Product Launch: DE&I Tracking and Reporting
Legal departments everywhere are getting serious about diversity. Are you?
Diversity, equity, and inclusion (DE&I) has been a topic of discussion among corporate legal departments for years and has generated ample ideas for change. But only recently has legal technology caught up to provide scalable ways to turn ideas into action.
The state of diversity in legal
Why is diversity such a big topic in legal? According to a recent American Bar Association (ABA) survey, women and minorities at U.S. law firms are severely underrepresented in leadership positions, receive lower compensation, and are excluded or overlooked for promotional opportunities. In fact, the depiction of males and females at the Associate level is about even, but representation diverges at higher levels of the firm to favor males. For Non-equity Partners, the numbers split to 70% vs. 30% and for Equity Partners, the split is even greater at 80% vs. 20%. The survey also shows more white attorneys are promoted to Equity Partner than attorneys in other racial groups.
Legal teams across industries have recognized that their law firms and vendors are a reflection of their company and their organization’s public reputation. They are starting to seek a diverse set of business partners to drive better outcomes and work product.
SimpleLegal steps up to the plate
SimpleLegal is committed to a more diverse and inclusive legal industry – we’re all in this together. We know that the success we’ve achieved so far as a company has been greatly influenced by our diverse mix of backgrounds and experiences.
That’s why we’re excited to announce that we’ve added DE&I Tracking and Reporting to SimpleLegal to help our customers easily collect, track, and report on diversity data at their law firms and vendors to help push their diversity initiatives forward.
We approached this new feature considering two core focus areas:
Many competing technologies collect diversity data through a survey that’s sent to individual timekeepers. We felt that this wasn’t the optimal way to collect this information because response rates are typically low, it didn’t provide a way for our customers to push back, and we didn’t want it to feel like “just another thing to do” for their law firms.
Instead, we collect diversity data leveraging an existing process, the timekeeper rate submission, that law firms are already familiar with, lowering the barriers to respond. Law firms and vendors have to submit their rates for approval anyways, and it puts the power back in the hands of our customers as they can choose to hold rate approvals until diversity questions are responded to.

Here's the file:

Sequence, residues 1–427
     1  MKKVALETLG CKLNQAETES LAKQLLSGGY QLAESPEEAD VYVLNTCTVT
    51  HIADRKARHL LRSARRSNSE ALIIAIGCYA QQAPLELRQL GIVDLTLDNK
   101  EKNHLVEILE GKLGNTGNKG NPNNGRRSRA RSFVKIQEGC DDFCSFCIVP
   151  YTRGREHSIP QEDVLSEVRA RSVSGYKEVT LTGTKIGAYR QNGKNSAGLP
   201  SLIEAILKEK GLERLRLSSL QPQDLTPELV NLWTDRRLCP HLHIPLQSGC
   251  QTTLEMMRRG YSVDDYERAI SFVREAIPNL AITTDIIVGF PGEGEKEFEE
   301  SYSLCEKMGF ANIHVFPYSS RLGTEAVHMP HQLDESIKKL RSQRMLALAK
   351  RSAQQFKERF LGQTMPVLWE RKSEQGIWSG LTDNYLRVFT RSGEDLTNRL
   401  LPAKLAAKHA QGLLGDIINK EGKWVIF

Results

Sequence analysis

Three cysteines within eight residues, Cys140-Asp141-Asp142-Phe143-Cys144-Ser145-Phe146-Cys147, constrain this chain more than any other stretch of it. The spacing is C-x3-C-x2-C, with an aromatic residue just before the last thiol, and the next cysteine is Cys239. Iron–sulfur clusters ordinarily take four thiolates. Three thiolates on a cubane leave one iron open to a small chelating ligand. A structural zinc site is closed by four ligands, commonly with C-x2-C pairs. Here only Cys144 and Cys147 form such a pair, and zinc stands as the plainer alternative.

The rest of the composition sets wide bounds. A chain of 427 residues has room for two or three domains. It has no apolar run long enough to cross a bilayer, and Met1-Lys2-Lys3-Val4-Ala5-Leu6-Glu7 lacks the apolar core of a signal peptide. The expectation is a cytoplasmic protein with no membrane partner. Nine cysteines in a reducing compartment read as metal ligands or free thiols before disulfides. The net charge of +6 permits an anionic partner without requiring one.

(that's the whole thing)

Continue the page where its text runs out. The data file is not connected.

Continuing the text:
In order to have accurate reporting, you need to have good data, so that’s where we started when thinking through diversity reports. In order to accomplish this, we standardized inputs for diversity questions on gender, ethnicity, disability, LGBTQ+, and veteran status, influenced by the standards set by the ABA.
Next, we thought about what information and insights are important for our customers so that they can make better business decisions, such as which law firms to source. Based on our research and findings, SimpleLegal provides three types of reports to get a clearer view of law firm diversity and any progress made:
- Vendor: See how diverse a specific law firm’s timekeepers are.
- Practice Area: View the diversity of timekeepers by practice area.
- Vendor Lead: A holistic view of diversity among matter leads.
You can compare by year and multiple years to see the progress your law firms and vendors are making, and where they could pay more attention. For an even more comprehensive view of how your vendors stack up, a side-by-side comparison report of up to ten different vendors is available on one page to see which vendors are working with you to achieve diversity goals and which aren’t.
Ultimately, the ability to analyze and act on insights to make better sourcing decisions is what DE&I Tracking and Reporting provides. With comprehensive and robust reports, you can easily benchmark and gauge diversity progress over time, allowing for relationship-level conversations backed by data to happen.
Benefits of diversity
Not only is a focus on diversity, equity, and inclusion the right thing to do, it has a meaningful impact on the overall business. Research from McKinsey shows that companies in the top quartile for gender or racial and ethnic diversity are more likely to have financial returns above national industry medians, and diversity has a positive effect on creativity, innovation and decision-making in the workplace. This makes sense as different backgrounds lead to different experiences and perspectives, broadening options for creative and innovative solutions to problems an organization may face.
Consider these findings from McKinsey:
- There’s a connection between diversity and earnings: In the United States, there is a linear relationship between racial and ethnic diversity and better financial performance: for every 10 percent increase in racial and ethnic diversity on the senior-executive team, earnings before interest and taxes (EBIT) rise 0.8 percent.
- There’s room for improvement: While certain industries perform better on gender diversity and other industries on ethnic and racial diversity, no industry or company is in the top quartile on both dimensions.
- It’s a differentiator: The unequal performance of companies in the same industry and the same country implies that diversity is a competitive differentiator shifting market share toward more diverse companies.
It’s clear that prioritizing diversity means more to a business than simply societal good – it’s good for their employees, customers, partners, and bottomline!